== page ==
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Related: discourse - persuasion

Key texts (theory): The Rhetoric of Fiction (1983) - Wayne Booth


Rhetoric (from Greek rhêtôr, "orator") is the art or technique of persuasion, usually through the use of language. Rhetoric is one of the three original liberal arts or trivium (the other members are dialectic and grammar) in Western culture. In ancient and medieval times, grammar concerned itself with correct language use through the study and criticism of literary models, dialectic concerned itself with the testing and invention of new knowledge through a process of question and answer, and rhetoric concerned itself with persuasion in public and political settings such as assemblies and courts of law. As such, rhetoric is said to flourish in open and democratic societies with rights of free speech, free assembly, and political enfranchisement for some portion of the population.

The concept of rhetoric has shifted widely during its 2500-year history. Today rhetoric is described more broadly as the art or practice of persuasion through any symbolic system, but especially language. Or, rhetoric can be described as the persuasive or "suasory" function of all human action, including symbolic action like language use. Both the terms "rhetoric" and "sophistry" are also used today in a pejorative or dismissive sense, when someone wants to distinguish between "empty" words and action, or between true or accurate information and misinformation, propaganda, or "spin," or to denigrate certain forms of verbal reasoning as spurious. Nonetheless, rhetoric, as the art of persuasion, continues to play an important function in contemporary public life. --http://en.wikipedia.org/wiki/Rhetoric [Mar 2006]

Genre and the New Rhetoric (1995) - Aviva Freedman

Genre and the New Rhetoric (1995) - Aviva Freedman [Amazon.com] [FR] [DE] [UK]

Since the mid-1980s the notion of "genre" has been dramatically redefined. This redefinition has prompted theorists and scholars alike to analyze the shaping power of language and culture, and the interplay between the individual and the social. Recent work in genre studies has drawn upon ideas and developments from a wide range of intellectual disciplines including 20th-century rhetoric, literary theory, sociology and philosophy of science, critical discourse analysis, education and cultural studies. In this text, leading theorists reflect and capitalize on the growing interest in genre studies across these allied fields, and examine the powerful implications this reconception of genre has on both research and teaching. --from the publisher

... my essay ‘Genre as Social Action', I claimed that a genre is a ‘cultural artefact' (Miller 1984: 164) ...--page 67, Caroly R. Miller

In the book ‘Genre and the New Rhetoric’ (1994) Freedman & Medway (1994, pp. 8-10) identify two major schools of thought within genre studies: The North American School and The Sydney School. The former derives its concept of genre from a rhetorical tradition. It is inspired by Carolyn R. Miller’s seminal essay ‘Genre as Social Action’ (Miller, 1984) in which genre is conceptualized as ‘typified rhetorical actions based in recurrent situations’. This leads the North American School of genre into a socio-historical concept basing their genre typification on how texts function within a social and interactional context. The Sydney School of genre is based in Michael A. K. Halliday’s systemic functional linguistics. It primarily puts emphasis on formal textual features and thus expresses a more linguistically oriented concept of genre. Common to both schools, however, is the attention paid to the role of the social in conceptualizing and understanding genres and the role of context (Freedman & Medway, 1994, p. 9). http://www.db.dk/jni/lifeboat/Concepts/Genre.htm [Jun 2006]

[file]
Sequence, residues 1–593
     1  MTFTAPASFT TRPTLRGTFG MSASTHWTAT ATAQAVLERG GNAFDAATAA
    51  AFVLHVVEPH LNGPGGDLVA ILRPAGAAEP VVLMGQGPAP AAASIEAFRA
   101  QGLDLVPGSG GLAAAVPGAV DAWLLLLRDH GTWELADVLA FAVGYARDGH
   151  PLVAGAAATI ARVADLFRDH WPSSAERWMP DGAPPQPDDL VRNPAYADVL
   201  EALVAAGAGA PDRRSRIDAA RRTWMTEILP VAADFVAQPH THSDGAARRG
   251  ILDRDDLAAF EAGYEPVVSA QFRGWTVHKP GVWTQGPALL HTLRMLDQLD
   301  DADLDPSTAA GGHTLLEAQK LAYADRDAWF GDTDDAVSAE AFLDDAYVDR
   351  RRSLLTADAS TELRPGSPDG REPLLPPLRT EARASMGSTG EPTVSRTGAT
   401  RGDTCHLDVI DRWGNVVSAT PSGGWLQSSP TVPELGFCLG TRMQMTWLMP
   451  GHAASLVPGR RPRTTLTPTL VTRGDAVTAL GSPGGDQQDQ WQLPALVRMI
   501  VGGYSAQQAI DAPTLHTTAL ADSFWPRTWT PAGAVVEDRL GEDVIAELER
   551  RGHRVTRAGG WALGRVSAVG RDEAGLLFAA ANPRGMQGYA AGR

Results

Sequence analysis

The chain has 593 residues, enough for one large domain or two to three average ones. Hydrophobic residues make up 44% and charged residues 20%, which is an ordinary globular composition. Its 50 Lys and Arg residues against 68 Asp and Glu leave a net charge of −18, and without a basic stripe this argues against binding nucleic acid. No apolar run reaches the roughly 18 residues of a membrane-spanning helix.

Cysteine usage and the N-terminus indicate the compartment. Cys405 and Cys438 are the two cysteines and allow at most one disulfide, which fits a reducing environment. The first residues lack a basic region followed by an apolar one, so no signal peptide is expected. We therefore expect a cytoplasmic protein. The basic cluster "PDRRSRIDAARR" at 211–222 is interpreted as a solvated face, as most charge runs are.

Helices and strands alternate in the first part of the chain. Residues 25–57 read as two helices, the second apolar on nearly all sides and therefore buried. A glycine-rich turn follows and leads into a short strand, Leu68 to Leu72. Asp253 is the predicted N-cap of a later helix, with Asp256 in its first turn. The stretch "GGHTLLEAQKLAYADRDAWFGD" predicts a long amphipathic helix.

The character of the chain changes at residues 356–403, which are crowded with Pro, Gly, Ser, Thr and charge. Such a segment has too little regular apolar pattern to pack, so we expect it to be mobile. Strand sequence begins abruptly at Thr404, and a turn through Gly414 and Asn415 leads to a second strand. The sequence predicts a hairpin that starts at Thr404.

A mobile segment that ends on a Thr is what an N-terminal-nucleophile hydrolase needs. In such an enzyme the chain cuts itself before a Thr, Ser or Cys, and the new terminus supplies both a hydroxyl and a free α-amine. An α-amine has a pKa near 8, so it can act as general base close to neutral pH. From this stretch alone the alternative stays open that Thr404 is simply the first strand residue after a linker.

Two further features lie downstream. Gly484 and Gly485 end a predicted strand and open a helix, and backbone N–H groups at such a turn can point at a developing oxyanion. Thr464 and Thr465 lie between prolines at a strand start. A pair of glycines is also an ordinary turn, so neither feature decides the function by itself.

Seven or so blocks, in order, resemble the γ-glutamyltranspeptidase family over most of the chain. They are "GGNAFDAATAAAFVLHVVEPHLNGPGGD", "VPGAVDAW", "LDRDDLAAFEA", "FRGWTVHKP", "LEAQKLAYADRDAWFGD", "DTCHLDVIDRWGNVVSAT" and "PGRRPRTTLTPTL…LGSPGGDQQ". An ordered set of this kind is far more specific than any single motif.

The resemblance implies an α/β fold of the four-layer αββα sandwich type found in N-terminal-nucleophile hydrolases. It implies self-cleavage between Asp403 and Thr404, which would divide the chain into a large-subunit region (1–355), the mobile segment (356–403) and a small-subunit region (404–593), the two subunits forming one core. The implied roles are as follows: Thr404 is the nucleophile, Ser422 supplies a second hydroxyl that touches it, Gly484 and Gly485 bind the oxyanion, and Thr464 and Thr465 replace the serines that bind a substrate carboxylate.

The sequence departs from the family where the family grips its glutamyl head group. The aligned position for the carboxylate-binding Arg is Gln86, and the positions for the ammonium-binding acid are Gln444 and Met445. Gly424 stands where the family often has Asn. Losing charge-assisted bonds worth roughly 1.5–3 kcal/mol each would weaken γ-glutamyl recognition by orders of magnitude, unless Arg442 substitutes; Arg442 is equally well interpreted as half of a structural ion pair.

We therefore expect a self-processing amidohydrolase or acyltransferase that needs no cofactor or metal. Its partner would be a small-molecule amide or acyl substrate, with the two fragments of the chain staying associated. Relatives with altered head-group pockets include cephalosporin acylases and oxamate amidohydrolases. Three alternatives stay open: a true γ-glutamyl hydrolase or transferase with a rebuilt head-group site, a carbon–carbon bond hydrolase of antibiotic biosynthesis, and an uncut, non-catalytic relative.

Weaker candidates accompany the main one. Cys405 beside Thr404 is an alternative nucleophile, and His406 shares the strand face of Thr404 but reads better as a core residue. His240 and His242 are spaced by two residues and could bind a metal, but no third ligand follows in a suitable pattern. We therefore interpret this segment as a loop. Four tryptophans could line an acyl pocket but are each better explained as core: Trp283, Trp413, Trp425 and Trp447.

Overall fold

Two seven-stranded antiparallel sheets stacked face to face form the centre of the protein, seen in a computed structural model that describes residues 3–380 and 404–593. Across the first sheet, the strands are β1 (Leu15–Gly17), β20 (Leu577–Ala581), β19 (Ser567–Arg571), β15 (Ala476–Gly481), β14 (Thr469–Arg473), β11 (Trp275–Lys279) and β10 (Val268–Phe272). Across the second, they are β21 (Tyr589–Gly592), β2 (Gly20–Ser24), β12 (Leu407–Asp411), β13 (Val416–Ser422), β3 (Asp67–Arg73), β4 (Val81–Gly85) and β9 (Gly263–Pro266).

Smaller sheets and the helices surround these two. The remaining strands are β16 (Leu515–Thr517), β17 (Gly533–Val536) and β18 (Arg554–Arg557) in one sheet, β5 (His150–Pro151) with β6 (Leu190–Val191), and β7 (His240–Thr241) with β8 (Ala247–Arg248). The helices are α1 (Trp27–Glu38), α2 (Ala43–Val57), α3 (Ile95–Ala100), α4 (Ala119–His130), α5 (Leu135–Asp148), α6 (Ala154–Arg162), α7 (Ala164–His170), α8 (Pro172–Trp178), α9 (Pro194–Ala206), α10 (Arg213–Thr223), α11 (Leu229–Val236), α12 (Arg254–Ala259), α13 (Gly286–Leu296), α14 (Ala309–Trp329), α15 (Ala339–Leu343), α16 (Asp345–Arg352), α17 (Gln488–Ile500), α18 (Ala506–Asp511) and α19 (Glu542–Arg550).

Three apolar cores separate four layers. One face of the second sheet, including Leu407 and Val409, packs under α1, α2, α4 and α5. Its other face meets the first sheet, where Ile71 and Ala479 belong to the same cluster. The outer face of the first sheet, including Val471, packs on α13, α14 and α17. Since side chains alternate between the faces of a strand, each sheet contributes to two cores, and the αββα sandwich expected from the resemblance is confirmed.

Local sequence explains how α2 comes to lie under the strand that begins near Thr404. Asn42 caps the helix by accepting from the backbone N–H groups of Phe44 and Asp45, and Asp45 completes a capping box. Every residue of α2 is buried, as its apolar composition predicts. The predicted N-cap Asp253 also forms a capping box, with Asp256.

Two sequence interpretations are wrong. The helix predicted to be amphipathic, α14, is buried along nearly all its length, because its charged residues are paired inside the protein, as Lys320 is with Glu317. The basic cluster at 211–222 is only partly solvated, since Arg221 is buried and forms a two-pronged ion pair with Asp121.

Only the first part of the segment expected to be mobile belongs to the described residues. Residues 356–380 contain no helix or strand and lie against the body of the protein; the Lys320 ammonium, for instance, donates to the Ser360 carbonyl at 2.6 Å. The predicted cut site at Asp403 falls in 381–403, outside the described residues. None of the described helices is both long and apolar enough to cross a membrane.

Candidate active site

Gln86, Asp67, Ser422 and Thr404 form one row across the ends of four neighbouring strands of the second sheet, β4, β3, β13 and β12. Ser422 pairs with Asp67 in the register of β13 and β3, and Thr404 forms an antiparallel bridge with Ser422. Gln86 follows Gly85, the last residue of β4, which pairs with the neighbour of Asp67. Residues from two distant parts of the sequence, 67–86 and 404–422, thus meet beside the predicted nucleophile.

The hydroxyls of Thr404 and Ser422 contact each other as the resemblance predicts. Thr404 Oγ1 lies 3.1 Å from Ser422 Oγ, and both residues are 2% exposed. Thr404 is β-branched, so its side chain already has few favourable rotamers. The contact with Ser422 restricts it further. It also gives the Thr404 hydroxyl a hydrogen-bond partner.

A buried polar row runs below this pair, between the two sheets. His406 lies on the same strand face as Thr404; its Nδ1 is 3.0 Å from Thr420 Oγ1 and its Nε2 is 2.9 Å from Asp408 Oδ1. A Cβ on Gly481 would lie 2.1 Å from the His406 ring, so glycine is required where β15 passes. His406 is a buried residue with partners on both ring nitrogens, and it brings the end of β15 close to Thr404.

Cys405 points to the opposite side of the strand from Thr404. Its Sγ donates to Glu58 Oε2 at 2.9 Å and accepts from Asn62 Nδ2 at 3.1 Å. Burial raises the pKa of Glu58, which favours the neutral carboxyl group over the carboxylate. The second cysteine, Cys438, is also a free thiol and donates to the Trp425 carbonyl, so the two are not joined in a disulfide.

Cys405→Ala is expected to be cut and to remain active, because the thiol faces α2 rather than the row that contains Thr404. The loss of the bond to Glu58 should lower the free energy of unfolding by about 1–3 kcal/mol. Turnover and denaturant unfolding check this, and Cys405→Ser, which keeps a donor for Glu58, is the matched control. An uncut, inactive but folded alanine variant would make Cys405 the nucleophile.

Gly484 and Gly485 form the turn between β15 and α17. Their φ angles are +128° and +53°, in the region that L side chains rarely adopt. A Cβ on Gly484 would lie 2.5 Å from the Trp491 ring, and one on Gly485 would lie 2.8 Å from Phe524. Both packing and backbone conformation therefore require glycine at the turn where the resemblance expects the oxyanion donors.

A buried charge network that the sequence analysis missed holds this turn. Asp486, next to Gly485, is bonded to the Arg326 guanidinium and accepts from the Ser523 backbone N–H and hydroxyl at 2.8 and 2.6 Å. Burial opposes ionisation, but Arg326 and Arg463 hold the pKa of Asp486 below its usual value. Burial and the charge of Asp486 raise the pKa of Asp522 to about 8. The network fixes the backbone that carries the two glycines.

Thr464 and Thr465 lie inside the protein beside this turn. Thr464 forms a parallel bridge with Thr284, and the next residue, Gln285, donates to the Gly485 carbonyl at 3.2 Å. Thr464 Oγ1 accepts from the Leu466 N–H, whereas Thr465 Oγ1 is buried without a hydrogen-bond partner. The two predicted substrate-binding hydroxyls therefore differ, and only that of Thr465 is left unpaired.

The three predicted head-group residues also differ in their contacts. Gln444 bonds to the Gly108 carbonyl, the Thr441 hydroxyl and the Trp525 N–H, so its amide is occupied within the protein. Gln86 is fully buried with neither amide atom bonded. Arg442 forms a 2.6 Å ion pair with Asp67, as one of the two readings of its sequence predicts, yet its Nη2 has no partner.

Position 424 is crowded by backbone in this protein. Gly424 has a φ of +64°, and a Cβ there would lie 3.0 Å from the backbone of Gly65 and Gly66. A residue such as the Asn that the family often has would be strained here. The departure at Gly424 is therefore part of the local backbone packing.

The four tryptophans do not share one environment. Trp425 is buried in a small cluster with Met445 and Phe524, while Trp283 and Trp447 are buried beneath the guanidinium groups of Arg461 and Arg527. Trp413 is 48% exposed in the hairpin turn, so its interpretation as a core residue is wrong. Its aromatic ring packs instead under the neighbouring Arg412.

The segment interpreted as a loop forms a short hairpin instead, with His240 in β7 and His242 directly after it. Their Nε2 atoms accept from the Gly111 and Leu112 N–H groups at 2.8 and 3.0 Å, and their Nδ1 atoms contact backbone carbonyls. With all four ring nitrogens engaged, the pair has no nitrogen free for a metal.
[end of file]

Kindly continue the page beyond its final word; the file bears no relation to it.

Related redefinitions of genre focus more broadly on the relationship between the makers and audiences of texts (a rhetorical dimension). To varying extents, the formal features of genres establish the relationship between producers and interpreters. Indeed, in relation to mass media texts Andrew Tolson redefines genre as 'a category which mediates between industry and audience' (Tolson 1996, 92). Note that such approaches undermine the definition of genres as purely textual types, which excludes any reference even to intended audiences. A basic model underlying contemporary media theory is a triangular relationship between the text, its producers and its interpreters. From the perspective of many recent commentators, genres first and foremost provide frameworks within which texts are produced and interpreted. Semiotically, a genre can be seen as a shared code between the producers and interpreters of texts included within it. Alastair Fowler goes so far as to suggest that 'communication is impossible without the agreed codes of genre' (Fowler 1989, 216). --Daniel Chandler via http://www.aber.ac.uk/media/Documents/intgenre/intgenre1.htmlSee also: rethoric - genre - genre theory

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